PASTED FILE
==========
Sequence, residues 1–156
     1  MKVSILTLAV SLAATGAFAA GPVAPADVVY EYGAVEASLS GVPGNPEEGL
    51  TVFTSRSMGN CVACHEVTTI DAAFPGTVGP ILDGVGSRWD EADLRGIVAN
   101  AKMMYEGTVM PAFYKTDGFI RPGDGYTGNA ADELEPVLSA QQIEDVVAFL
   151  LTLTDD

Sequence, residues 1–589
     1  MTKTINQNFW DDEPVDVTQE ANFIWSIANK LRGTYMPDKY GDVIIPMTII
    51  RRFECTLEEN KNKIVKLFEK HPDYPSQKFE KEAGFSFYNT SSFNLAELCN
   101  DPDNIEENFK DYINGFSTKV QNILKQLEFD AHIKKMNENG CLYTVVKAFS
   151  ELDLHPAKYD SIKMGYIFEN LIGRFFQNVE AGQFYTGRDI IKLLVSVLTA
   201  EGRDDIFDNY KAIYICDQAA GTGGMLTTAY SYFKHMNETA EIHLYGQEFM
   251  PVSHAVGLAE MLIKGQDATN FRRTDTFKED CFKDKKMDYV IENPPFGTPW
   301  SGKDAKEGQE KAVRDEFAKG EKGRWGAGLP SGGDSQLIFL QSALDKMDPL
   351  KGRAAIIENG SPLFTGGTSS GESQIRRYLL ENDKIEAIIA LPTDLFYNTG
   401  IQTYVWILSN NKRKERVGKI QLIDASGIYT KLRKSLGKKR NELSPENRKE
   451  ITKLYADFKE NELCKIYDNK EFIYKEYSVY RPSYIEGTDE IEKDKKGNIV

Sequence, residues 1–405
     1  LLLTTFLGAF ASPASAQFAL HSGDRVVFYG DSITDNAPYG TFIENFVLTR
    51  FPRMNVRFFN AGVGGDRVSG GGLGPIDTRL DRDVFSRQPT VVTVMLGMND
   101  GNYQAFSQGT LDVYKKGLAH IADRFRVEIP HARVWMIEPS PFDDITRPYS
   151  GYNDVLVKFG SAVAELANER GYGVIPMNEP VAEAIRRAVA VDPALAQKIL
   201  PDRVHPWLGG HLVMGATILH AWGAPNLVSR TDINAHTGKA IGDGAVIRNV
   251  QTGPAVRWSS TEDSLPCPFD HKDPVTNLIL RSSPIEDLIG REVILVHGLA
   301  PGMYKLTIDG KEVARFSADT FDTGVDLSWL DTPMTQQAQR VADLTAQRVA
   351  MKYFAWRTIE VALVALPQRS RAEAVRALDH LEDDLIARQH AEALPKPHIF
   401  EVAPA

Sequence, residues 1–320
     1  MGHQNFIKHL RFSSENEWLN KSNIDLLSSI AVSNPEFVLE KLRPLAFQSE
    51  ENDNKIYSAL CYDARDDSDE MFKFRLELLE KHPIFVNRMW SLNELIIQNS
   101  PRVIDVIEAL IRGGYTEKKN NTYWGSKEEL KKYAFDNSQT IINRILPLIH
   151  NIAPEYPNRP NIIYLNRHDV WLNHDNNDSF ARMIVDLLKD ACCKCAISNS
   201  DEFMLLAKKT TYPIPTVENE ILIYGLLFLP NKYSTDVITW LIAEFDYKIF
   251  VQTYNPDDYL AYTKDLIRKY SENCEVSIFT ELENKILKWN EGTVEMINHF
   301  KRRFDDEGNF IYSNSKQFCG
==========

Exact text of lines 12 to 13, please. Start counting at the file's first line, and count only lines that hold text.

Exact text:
   251  PVSHAVGLAE MLIKGQDATN FRRTDTFKED CFKDKKMDYV IENPPFGTPW
   301  SGKDAKEGQE KAVRDEFAKG EKGRWGAGLP SGGDSQLIFL QSALDKMDPL